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The Flu Is Back
Trying to head off a likely epidemic flu season, college officials are breaking out prevention and treatment tactics developed in the wake of 2009's H1N1 pandemic.
It seems that at least one good thing came out of the swine flu pandemic.
Flu season is hitting – hard – but colleges are trying to minimize the damage by recalling the H1N1 pandemic of fall 2009.
“The lessons that we learned are really applicable to what we’re doing now,” said David R. McBride, director of student health services at Boston University. On Wednesday, the mayor of Boston declared a public health emergency in light of the 700 confirmed flu cases and four deaths since Oct. 1. “Since 2009 we’ve kind of geared up a bit for this every year, just because you never know exactly what’s going to happen.”
It’s a good thing, too, because campus officials are going to have their work cut out for them.
After a few relatively quiet years for influenza – last year, flu season particularly low-key – it’s back with a vengeance, as evidenced by this tracking map from the Centers for Disease Control and Prevention. Flu season is peaking early, with the sickness “widespread” in 41 states and “local” in the others (mostly in the West). The situation is not being helped by what the CDC has called the most severe whooping cough outbreak in six decades. Experts expect influenza to reach epidemic thresholds, The New York Times reported.
And college students are a particularly vulnerable population, experts said. The flu hit during winter break – meaning that whatever students (and faculty and staff) picked up while back home or traveling during the holiday, they’ll now be harboring in close quarters like dorms and classrooms.
Most colleges start pushing vaccinations in the fall, before flu season starts, but health centers are bracing for higher demand as students arrive back on campus. The University of Pennsylvania put on an annual eight-hour marathon clinic, where students willing to put in the five minutes can get vaccinated, documented and billed in a one-stop shop. (Penn charges $25; most colleges charge either nothing or a small fee that’s covered by insurance.)
“Anything that makes things more convenient,” said Sharon McMullen, director of campus health initiatives at Penn. “We see that students want to be vaccinated, but really it’s that time thing.”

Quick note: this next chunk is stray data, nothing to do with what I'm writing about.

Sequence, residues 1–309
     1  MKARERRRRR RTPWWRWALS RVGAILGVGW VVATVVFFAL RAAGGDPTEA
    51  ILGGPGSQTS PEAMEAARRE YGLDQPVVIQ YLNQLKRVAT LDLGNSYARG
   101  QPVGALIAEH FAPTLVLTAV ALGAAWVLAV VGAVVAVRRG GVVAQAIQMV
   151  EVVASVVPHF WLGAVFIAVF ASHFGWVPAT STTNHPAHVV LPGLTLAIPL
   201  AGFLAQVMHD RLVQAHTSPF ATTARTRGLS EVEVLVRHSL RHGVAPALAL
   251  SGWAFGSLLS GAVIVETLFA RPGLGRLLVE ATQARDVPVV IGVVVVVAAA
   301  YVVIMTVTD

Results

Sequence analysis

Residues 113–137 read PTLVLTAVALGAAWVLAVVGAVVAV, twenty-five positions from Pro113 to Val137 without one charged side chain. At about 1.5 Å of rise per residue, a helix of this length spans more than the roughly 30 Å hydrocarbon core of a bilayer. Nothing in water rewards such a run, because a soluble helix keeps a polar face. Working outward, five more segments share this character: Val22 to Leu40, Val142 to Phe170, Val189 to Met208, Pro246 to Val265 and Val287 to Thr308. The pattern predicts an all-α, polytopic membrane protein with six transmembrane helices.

The university has vaccinated about 4,500 students so far this academic year, and officials have already seen high demand since the new semester commenced on Wednesday. The clinics – a “fun” form of emergency preparedness, in which about 100 students volunteer – are becoming more and more common on campuses, McMullen said.
“This all started with the H1N1 pandemic – we realized that we needed to mount this response quickly,” she said.
Other strategies that will look familiar: use of face masks, a temporary addition of extra nursing staff for vaccinations, and lots and lots of hand sanitizer.
But extra and extended push of messaging (via e-mail, posters around campus and social media) promoting prevention and recovery tactics might be the most common and important tactic. That means students and staff will be seeing lots of reminders to wash hands, cover mouths when coughing and sneezing, and stay home when they’re sick. At Boston, university marketing and health services teamed up to develop the "flu buddy" (pictured above), a mascot posted around campus that teaches students how to treat themselves but also encourages them to have a friend bring class notes and food, so they can stay at home and recover without spreading the illness.
Still, fliers and Facebook posts only go so far.
“We’re pretty sure that a good number of students just aren’t vaccinated, in spite of our push,” said Steven Radi, medical director of health and counseling services at the State University of New York at Geneseo. “It could be a lack of time for them; they’re busy. But I think it’s more related to the notion of invincibility of their population.”
About half of SUNY Geneseo’s students live on campus, intensifying the urgency for vaccination. The campus uses a phone triage system where students can call in to describe their symptoms and a clinician advises on whether the student should seek medical attention or just ride it out in isolation. Just Thursday morning, Radi’s staff met to discuss flu protocol in preparation for the students’ return to campus in a little over a week.
Because class is just starting up again, colleges won’t know just how bad the situation is for another few weeks. But officials are preparing for a potential outbreak.
“We’re sort of working under the assumption – at least, on our campus – that we’re going to see cases similar to what we saw three years ago,” said Craig M. Roberts, an epidemiologist at the University of Wisconsin at Madison health services. During the swine flu pandemic, 15 to 20 percent of clinic visits at Wisconsin were for flu-like illness. The usual threshold for outbreak is just 2 to 3 percent of total visits.
At Wisconsin, messaging that the university hasn’t done since H1N1 helped get thousands of students in for free vaccinations before winter break. But Roberts, who is also chair of the Emergency Public Health Threats and Emergency Response Coalition of the American College Health Association (which provides flu prevention resources here) is expecting to see more demand in the new year.
Boston certainly has.
McBride said Thursday: “We’ve been giving flu shots today like crazy.”
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